There now are a number of options on the table for what Charlotte leaders should do with the 2014 fiscal year budget and accompanying capital investment plan, after Mayor Anthony Foxx added two new possibilities this month.
But even if one of those spending plans doesn’t include the much-maligned streetcar project extension, as one of Foxx’s new plans offers, south Charlotte’s representative on city council still wants taxpayers to have a direct say in how much money comes out of their pockets.
Last year’s $926 million proposed spending plan now seems to have lost the support of Foxx, who said in a letter to council members and the public this month that “the city manager’s original recommendation of a 3.6-cents property tax increase is too large to garner majority support” and “clearly, the budget must be scaled back and refined to reflect the … realities” of a split between council members. That split came mostly in regard to a proposed $119 million project to extend the streetcar track, with four council members opposing the project, two supporting it if the funds came from another source and five wanting to pay for the project out of a capital investment plan funded by the 3.6-cent property tax increase. Any proposal last summer needed six votes to pass – or seven if what passed did not include the streetcar funding, as a coalition would need enough votes to override a likely veto from Foxx. Another proposal last summer, a 2.44-cent tax increase that
didn’t include the streetcar project, was passed before being vetoed by Foxx.
After months of discussions, council voted to pass a budget with no capital investment plan knowing the topic would come back up for discussion during the next budget season, which is now under way.
“Everyone seems to understand the fiscal cliff awaiting the city in 2014,” Foxx wrote to council members, referring to economic risks the city would be taking by not passing an investment plan in 2013. “Council members are torn between paths of fiscal responsibility: not raising taxes at all and raising them as necessary to promote the long-term health of the city.”
One of Foxx’s proposals includes a 1.97-cent tax increase that would fund construction of new police stations (including one in south Charlotte), road and bridge projects and neighborhood improvements. The plan would not include the streetcar, though Foxx’s proposal said it’s one of a number of projects, worth nearly $471 million total, that would be “deferred to a future” investment plan discussion. The other proposal, with a 3-cent tax increase, would include all transit investments like the streetcar. Both plans would be over a five-year window instead of the eight years proposed last summer.
The 1.97-cent tax increase plan would, for now, do away with: $119 million for the streetcar; $102.5 million for infrastructure improvements in the northeast corridor along the planned route of the light rail’s Blue Line; $35 million for a 26-mile walking trail through the city; $28 million for the Applied Innovation corridor; $25 million for redevelopment in the Bojangles’ Coliseum and Ovens Auditorium area; $17 million for affordable housing; $15 million for sidewalk and pedestrian safety projects and $2 million for sidewalk and bikeway improvements; $4 million for work at the Idlewild and Monroe roads intersection; and $123 million more for other infrastructure projects.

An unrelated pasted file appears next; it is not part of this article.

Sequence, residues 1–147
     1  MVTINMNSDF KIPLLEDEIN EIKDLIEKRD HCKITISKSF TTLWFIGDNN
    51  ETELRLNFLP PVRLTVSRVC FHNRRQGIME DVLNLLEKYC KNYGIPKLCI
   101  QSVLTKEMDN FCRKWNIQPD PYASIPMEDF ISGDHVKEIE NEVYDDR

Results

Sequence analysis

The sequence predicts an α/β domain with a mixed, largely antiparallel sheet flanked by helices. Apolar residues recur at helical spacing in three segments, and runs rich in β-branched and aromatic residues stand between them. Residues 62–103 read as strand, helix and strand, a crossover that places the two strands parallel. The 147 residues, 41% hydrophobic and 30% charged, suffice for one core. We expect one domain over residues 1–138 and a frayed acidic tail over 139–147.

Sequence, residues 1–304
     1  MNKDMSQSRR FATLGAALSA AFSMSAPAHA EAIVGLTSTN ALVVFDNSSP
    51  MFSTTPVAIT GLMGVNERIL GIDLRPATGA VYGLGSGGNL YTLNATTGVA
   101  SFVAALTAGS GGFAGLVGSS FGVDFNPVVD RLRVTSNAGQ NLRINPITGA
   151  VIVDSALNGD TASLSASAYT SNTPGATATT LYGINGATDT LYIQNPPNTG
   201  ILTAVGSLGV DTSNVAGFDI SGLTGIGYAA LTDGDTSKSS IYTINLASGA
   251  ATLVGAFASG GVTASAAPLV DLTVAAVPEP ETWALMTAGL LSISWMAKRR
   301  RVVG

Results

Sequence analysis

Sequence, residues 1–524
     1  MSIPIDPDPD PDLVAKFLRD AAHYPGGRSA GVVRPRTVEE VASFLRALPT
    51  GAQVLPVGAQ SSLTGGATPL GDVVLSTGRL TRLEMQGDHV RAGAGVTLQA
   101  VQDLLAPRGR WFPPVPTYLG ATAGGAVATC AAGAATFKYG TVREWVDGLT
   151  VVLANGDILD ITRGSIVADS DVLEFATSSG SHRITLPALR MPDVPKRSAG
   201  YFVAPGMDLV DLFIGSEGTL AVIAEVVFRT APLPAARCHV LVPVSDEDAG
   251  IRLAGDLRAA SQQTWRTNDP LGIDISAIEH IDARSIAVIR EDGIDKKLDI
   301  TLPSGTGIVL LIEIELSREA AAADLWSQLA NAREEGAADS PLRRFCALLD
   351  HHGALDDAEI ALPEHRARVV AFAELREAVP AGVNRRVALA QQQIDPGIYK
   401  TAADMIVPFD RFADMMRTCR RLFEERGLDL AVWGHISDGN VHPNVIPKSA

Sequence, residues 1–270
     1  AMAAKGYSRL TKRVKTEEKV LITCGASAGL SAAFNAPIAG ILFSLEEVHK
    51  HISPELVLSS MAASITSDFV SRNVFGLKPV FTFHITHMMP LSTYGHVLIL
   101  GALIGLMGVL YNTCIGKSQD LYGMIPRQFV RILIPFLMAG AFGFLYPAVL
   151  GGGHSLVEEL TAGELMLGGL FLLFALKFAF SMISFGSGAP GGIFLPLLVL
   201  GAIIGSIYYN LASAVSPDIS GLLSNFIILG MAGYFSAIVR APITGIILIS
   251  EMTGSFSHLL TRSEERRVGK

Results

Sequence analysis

Either plan would only need six votes to pass, as Foxx is unlikely to veto his own budget proposal, though south Charlotte’s Warren Cooksey has already said he can’t get behind what the mayor’s offering.
“I am not going to vote to increase people’s property tax bills,” Cooksey wrote in an email to South Charlotte Weekly. The Ballantyne-area representative on city council was one of the driving forces behind stopping the tax increase last summer. Instead, Cooksey said any tax increase should first have to be approved by Charlotte voters, just like a general obligation bond cities use for large projects.
“Any proposal that includes such a provision (to let voters decide) will have my support, though I would prefer that the streetcar not be a part of it,” Cooksey wrote.
The representative’s public vote proposal got little traction when brought before city council in the past, though he’s hoping to bring it back up when council meets in the new year to restart budget negotiations. Foxx had postponed at least one budget discussion between council members after realizing a different tactic was needed to break the streetcar stalemate.
“This capital budget issue must move between these same two extremes,” Foxx wrote to council members. “If every council member is wholly right, nothing will get done. There is a middle ground here, and I hope one of these proposals will get us there.”
If council can’t come to an agreement on a spending plan, the matter may be left to the next council. Elections in November could unseat council members and change the dynamics of the streetcar and investment plan debate. Foxx said he hopes it doesn’t come to that, because more delays on passing an investment plan could put the city’s AAA credit rating at risk since it shows Charlotte government can’t come to an agreement on planning for the city’s future. Both Foxx and Cooksey said that’s a path council needs to avoid as negotiations continue.
Find both of Foxx’s proposals at South Charlotte Weekly’s website, www.thecharlotteweekly.com, by searching “Foxx’s Proposals.”